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6 January 2012
Inside science

At www.physorg.com/print244918262.html … there is a piece that describes how modern Plate Tectonics has migrated from the idea originally proposed by Alfred Wegener in the early 20th century. Wegener proposed' continental drift' – he had it wrong after all, they say. In fact, since his work was published under the title, 'The Origin of Continents and Oceans', Wegener's hypothesis has been consistently under attack – and continues thus. Modern scientists are convinced they know more about everything than their predecessors – but is this true? Wegener showed that the continents may once have all fitted together, somewhat like a jig-saw, into what had once been a single conglomeration known as Pangea – but he offered no real mechanism on why it broke apart, only that it did. From a catastrophist angle this is not such a problem but in a uniformitarian perception of the past this is a very big problem because everything happened very slowly over a long period of time and if something had happened in the past it must also be happening in the present – isn't that the ultimate test of gradualism? The past can only be explained by the present.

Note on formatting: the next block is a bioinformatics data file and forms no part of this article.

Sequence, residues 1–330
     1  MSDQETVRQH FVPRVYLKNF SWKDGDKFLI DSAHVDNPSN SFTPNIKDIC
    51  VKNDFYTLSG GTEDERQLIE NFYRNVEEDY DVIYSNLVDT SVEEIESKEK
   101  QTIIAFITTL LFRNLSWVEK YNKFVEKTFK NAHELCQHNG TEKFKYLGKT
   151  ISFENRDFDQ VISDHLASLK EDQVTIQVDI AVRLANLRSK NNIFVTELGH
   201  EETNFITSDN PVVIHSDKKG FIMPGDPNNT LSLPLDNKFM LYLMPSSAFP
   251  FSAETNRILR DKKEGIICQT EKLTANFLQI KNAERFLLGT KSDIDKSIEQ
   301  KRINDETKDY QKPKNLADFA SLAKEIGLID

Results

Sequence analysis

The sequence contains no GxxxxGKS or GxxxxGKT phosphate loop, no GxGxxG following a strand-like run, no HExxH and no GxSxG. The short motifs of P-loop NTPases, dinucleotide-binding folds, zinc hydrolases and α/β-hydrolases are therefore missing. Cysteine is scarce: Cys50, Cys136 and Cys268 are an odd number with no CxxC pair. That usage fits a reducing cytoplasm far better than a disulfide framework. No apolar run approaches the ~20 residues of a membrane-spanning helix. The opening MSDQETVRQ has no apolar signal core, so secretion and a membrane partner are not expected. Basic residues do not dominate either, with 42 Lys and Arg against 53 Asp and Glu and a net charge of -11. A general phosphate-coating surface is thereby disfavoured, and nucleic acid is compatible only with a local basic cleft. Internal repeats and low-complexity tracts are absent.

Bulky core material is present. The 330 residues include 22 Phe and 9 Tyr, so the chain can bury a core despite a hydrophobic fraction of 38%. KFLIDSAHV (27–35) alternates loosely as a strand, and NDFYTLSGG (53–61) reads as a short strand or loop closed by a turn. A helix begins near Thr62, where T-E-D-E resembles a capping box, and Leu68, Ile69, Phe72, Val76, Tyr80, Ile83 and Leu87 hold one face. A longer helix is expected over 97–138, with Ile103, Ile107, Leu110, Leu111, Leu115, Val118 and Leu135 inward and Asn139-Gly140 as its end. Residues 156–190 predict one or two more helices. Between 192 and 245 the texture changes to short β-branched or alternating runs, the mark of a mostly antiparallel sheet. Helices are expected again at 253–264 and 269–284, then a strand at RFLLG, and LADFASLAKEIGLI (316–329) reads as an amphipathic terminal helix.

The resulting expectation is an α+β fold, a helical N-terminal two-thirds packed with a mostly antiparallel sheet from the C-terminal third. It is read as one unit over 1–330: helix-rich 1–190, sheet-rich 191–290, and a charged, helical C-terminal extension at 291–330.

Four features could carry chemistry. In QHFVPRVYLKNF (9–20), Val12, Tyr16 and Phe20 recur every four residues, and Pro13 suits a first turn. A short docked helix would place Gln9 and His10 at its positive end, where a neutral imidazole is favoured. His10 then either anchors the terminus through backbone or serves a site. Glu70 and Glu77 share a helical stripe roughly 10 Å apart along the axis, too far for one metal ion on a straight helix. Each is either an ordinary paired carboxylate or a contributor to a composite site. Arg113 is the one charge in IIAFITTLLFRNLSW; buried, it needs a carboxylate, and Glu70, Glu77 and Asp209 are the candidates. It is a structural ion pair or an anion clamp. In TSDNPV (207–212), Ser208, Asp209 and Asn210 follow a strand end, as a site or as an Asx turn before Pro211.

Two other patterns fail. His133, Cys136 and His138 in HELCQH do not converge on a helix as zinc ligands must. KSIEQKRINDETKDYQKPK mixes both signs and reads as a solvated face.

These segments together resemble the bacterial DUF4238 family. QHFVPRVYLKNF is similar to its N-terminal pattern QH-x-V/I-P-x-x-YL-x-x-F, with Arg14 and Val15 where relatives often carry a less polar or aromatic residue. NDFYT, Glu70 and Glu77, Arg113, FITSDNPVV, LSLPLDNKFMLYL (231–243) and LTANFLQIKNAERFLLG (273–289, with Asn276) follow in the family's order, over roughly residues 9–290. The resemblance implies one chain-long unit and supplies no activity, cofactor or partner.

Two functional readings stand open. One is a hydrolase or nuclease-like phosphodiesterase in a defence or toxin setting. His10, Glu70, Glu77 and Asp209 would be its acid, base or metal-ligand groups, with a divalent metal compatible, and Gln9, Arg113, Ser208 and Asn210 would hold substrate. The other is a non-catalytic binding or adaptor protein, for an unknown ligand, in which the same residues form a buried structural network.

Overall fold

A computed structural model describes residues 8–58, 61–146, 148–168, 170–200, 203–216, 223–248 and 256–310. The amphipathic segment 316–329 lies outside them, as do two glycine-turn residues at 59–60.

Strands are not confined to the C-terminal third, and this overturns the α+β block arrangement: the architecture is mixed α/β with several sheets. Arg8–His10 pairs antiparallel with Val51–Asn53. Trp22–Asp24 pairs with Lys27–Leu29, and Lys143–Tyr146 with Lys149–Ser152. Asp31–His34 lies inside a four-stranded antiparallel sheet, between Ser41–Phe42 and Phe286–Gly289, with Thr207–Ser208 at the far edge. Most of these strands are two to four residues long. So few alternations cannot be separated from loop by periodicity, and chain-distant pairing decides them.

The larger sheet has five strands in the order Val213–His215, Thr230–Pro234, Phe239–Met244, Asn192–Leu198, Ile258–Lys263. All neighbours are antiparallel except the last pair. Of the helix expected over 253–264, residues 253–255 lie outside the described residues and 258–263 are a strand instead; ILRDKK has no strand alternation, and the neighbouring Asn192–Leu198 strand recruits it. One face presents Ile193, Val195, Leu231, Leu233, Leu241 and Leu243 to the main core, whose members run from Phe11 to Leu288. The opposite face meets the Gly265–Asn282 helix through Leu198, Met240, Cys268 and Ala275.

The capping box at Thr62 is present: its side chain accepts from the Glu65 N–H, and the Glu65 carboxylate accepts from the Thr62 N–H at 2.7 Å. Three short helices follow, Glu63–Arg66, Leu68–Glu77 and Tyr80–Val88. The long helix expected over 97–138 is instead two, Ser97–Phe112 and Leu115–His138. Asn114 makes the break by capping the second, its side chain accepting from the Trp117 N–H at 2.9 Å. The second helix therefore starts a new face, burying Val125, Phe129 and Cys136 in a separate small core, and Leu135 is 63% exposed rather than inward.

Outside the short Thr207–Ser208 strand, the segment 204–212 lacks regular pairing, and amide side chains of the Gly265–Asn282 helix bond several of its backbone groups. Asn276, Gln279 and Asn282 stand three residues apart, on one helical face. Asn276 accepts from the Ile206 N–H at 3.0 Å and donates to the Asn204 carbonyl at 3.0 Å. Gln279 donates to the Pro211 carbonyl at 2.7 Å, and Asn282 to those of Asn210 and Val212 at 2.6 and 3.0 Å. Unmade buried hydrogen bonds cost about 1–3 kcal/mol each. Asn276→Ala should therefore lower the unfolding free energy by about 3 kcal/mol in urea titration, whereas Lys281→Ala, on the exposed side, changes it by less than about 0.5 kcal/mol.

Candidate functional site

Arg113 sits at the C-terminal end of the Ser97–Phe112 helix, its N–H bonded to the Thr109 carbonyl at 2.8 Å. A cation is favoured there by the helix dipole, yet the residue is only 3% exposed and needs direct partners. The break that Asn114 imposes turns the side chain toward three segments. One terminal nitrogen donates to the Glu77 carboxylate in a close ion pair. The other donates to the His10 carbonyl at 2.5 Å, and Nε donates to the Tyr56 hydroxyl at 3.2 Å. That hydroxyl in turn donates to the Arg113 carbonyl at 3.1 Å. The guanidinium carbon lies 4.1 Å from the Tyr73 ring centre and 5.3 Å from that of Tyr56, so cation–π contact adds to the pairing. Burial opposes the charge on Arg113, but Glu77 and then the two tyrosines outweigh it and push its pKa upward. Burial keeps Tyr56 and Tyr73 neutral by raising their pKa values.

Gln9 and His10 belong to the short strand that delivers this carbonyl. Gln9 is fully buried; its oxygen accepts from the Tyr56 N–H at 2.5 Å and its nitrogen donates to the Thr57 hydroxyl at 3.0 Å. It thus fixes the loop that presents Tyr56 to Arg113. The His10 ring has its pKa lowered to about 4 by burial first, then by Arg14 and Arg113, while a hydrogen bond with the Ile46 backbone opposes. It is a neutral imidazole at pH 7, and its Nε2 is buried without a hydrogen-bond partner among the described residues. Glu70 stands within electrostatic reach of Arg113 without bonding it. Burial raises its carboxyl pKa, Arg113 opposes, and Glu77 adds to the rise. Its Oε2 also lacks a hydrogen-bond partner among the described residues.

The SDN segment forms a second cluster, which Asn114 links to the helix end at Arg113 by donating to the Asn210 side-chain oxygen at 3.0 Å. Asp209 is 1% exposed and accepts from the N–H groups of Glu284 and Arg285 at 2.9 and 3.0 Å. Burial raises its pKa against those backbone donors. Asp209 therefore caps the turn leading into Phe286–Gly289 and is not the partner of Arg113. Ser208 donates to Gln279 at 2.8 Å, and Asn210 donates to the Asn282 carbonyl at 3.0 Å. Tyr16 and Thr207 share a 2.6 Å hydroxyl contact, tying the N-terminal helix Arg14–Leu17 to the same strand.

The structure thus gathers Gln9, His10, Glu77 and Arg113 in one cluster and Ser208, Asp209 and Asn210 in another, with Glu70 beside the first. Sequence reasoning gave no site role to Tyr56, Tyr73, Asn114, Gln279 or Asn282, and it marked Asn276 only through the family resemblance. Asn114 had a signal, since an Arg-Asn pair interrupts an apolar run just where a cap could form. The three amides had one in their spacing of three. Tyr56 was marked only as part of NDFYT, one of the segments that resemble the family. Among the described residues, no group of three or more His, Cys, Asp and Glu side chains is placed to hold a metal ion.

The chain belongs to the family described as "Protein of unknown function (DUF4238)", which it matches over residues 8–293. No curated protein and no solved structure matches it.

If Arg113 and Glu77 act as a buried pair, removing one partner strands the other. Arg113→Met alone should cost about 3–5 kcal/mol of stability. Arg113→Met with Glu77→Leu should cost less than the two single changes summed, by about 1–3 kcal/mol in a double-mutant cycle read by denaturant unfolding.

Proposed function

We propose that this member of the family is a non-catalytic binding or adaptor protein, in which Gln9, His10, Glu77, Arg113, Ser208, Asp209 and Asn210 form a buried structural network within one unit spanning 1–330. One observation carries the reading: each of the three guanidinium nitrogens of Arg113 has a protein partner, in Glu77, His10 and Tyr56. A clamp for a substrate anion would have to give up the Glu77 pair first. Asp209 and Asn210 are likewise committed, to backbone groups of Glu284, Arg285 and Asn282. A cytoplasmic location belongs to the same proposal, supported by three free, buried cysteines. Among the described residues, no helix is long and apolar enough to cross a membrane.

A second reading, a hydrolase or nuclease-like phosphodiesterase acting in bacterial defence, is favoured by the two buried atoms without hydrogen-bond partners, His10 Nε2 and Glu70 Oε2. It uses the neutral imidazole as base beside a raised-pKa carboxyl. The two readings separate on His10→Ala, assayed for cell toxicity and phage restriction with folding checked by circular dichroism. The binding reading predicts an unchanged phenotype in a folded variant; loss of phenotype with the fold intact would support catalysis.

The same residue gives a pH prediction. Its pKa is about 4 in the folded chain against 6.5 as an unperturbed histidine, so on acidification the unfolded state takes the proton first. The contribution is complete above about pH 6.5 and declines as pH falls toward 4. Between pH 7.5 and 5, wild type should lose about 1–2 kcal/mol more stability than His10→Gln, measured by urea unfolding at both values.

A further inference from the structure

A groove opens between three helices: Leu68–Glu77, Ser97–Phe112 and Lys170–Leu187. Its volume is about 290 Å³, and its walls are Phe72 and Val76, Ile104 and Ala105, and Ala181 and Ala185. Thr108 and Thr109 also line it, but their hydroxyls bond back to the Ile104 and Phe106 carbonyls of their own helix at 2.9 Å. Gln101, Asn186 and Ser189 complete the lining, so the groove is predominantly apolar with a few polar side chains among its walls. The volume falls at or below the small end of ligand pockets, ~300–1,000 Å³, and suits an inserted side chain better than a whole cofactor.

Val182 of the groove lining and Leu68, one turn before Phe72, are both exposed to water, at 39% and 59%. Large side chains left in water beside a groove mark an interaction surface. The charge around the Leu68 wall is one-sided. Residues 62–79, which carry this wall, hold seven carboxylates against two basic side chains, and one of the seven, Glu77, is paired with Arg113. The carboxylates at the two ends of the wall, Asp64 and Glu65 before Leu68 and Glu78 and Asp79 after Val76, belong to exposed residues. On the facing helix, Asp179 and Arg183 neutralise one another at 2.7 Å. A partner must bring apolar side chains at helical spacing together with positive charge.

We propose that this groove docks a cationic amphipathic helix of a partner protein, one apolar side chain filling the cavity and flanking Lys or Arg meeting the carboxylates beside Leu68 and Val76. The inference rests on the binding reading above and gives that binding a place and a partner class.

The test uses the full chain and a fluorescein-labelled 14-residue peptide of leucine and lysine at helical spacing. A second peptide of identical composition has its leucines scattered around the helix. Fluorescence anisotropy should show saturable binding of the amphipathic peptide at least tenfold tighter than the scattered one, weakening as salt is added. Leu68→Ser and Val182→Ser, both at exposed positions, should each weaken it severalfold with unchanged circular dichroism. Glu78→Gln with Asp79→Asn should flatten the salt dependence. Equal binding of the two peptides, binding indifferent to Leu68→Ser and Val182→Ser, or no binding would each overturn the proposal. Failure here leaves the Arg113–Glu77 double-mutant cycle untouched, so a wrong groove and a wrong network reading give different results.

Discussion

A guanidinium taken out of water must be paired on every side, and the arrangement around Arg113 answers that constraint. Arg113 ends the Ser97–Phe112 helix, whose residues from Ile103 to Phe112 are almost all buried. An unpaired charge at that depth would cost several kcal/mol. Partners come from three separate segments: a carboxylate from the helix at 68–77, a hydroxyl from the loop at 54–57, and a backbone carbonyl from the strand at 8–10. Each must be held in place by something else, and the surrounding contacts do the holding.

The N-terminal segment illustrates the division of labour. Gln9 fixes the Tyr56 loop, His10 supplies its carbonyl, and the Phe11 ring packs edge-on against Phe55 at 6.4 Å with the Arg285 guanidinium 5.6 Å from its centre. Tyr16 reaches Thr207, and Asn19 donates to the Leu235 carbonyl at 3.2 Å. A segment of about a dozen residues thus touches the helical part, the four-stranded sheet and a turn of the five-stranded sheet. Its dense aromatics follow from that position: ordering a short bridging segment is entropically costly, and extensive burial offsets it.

After WWII scientists began to investigate earthquakes in earnest and they were drilling holes in the sea bed to see how they related to the land surface, and made magnetic measurements of the ocean floor and out of this came Plate Tectonics (continental drift that was different) – especially after the topography of the Atlantic bottom revealed the nature of the Mid Ocean Ridge and its seismic origins. The continents are not moving away from each other, as such, they are moving apart, and it is at Plate boundaries this occurs. Therefore, it is not just the land that is moving across the oceans, it moves in tandem with the ocean floor. Hence, Wegener's map based redesigned land boundaries are a mirage, of sorts, as the Plates consist not only of bits of land but those bits of the ocean floor attached to the land. The Atlantic has been expanding since at least the Triassic/Jurassic, and what is now ocean floor was formerly magma that oozed out of what was the fault line or Plate boundary that became the Mid Ocean Ridges. Yet the coastline of Africa still seems to fit snugly into that of South America.

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